Her Britannic Majesty and the Republic of Nicaragua shall engage to consider the decision of the two commissioners conjointly, or of the arbitrator or umpire, as the case may be, as final and conclusive on the matters to be referred to their decision, and forthwith to give full effect to the same.
XI. The commissioners and the arbitrators or umpires shall keep accurate records and correct minutes or notes of all their proceedings, with the dates thereof, and shall appoint and employ such clerk or clerks, or other persons, as they shall find necessary to assist them in the transaction of the business which may come before them.
The salaries of the commissioners and of the clerk or clerks shall be paid by their respective governments.
The salary of the arbitrators or umpires and their contingent expenses shall be defrayed in equal moieties by the two governments.
XII. The present Treaty shall be ratified by Her Britannic Majesty, and by the Congress of the Republic of Nicaragua, and the ratifications shall be exchanged at London as soon as possible within the space of six months.
In witness whereof the respective plenipotentiaries have signed the same, and have affixed thereto their respective seals.
Done at Managua, this 28th day of January, in the year of our Lord 1860.
[L. S.] [L. S.
CHARLES LENNOX WYKE.
In proceeding to the exchange of the ratifications of the Treaty concluded and signed at Managua on the 28 of January, 1860, between Her Majesty the Queen of the United Kingdom of Great Britain and Ireland, and the Republic of Nicaragua, relative to the Mosquito Indians and to the rights and claims of British subjects, the undersigned, Her Britannic Majesty's principal Secretary of State for Foreign Affairs, and the Envoy Extraordinary and Minister Plenipotentiary of the Republic of Nicaragua, hereby declare that the limitation laid down in the paragraph added by the Congress of the Republic to Article VIII* of the said Treaty applies to grants of land to the west of the meridian of 84° 30′ of longitude throughout the whole extent of the territory hitherto occupied or claimed by the Mosquito Indians within the frontier of the Republic, but not to grants in any part of the said territory to the east of that meridian line.
In witness whereof the undersigned have signed the present declaration, and have affixed thereto their respective seals.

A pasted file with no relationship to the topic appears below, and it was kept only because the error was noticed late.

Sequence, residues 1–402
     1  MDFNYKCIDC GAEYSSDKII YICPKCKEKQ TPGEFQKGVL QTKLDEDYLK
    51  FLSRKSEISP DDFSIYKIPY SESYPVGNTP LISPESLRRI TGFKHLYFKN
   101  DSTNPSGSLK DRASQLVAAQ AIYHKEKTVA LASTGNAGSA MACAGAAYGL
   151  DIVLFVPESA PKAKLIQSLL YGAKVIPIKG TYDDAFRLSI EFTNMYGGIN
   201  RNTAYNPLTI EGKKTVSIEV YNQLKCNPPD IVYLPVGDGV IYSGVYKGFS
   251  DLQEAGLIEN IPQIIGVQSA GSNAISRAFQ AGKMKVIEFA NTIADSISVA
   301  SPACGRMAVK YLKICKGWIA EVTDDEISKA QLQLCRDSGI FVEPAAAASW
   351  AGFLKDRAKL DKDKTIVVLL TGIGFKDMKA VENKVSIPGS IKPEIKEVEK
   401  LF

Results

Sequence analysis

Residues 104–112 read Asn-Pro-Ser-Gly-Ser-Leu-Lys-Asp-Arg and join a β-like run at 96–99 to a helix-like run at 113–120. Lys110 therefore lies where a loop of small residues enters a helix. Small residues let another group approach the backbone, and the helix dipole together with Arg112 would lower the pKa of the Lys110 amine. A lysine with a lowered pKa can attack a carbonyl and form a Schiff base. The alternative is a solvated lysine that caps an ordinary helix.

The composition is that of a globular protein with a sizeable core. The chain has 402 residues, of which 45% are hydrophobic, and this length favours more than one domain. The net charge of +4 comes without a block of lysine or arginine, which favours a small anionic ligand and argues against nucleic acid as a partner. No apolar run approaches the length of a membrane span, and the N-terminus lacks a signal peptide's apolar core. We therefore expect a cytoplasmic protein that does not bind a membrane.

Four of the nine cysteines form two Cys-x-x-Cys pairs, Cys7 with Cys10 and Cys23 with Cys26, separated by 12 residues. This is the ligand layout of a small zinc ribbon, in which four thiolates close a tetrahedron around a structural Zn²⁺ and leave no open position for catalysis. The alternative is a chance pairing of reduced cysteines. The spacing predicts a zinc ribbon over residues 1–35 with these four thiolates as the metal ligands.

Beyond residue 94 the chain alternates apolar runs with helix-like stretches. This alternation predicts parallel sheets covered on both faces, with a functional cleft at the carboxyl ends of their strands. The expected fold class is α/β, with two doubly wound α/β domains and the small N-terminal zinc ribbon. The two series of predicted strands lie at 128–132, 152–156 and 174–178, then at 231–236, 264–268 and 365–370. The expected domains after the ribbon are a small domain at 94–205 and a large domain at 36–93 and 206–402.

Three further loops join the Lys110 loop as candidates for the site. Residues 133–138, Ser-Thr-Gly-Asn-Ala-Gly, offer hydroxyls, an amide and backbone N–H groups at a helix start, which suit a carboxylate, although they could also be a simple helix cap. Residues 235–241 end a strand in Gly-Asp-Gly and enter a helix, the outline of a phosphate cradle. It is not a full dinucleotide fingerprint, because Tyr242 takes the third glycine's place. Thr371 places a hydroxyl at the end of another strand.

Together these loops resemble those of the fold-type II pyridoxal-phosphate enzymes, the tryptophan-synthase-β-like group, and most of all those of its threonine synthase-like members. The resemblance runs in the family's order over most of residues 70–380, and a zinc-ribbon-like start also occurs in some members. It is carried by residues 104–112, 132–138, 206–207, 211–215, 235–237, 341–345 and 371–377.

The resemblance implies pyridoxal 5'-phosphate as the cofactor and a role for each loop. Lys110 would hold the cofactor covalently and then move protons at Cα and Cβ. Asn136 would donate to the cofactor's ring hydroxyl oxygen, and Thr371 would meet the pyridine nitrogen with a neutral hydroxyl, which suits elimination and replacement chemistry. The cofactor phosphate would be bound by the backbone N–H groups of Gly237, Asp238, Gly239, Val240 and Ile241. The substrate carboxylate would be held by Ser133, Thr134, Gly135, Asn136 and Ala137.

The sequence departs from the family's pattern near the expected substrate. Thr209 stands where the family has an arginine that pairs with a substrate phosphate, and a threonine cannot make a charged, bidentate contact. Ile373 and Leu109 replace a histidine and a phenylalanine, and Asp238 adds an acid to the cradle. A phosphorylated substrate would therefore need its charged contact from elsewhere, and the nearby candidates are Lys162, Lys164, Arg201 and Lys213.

Done at London, the 2d day of August, in the year of our Lord 1860. [L. S.] J. RUSSELL. [L. S.]
J. DE MARCOLETA.
* Page 153.
62.—President Buchanan's message to Congress, December 3, 1860.
The discordant constructions of the Clayton and Bulwer treaty between the two governments, which, at different periods of the discussion, bore a threatening aspect, have resulted in a final settlement entirely satisfactory to this government.
In my last annual message I informed Congress that the British Government had not then
Completed treaty arrangements with the Republics of Honduras and Nicaragua in pursuance of the understanding between the two governments. It is, nevertheless, confidently expected that this good work will ere long be accomplished.
This confident expectation has since been fulfilled. Her Britannic Majesty concluded a treaty with Honduras on the 28th November, 1859, and with Nicaragua on the 28th August, 1860, relinquishing the Mosquito protectorate. Besides, by the former the Bay Islands are recognized as a part of the Republic of Honduras. It may be observed that the stipulations of these treaties conform in every important particular to the amendments adopted by the Senate of the United States to the treaty concluded at London on the 17th October, 1856, between the two governments. It will be recollected that this treaty was rejected by the British Government because of its objection to the just and important amendment of the Senate to the article relating to Ruatan and the other islands in the Bay of Honduras.
63.-Mr. Seward to Mr. Adams.
SIR: Towards the close of Mr. Polk's administration the British Government, disturbed, perhaps, by the recent acquisition of territory by the United States on the Pacific, showed what we thought to be a disposition to contend with the governments of the Central American states, with the ultimate object, as was supposed, of acquiring dominion there, and also a control of any ship-canal which might be made between the two oceans by the way of the San Juan River and Lake Nicaragua. British subjects had long before that time lent those governments money, the interest on which was in arrears, chiefly in consequence of the strife between the states which ensued upon their separation and as a confederacy.
DEPARTMENT OF STATE,
War measures were determined upon to recover this interest; among others, the seizure of the island of Tiger, belonging to Honduras, in the Bay of Fonseca, was made by a British naval force in October, 1849. This seizure was protested against by Mr. Squier, the United States chargé d'affaires in Nicaragua, and a disavowal of the proceedings by the British Government was required by Mr. Clayton in an instruction to Mr. Abbott Lawrence, at London, of the 29th of December, 1849.
Insomuch as one route (by some supposed the best route) for the shipcanal from the lake to the Pacific lay along the Estero Real, which empties into the Bay of Fonseca, near Tiger Island, Mr. Squier deemed himself warranted in incorporating in a general commercial treaty with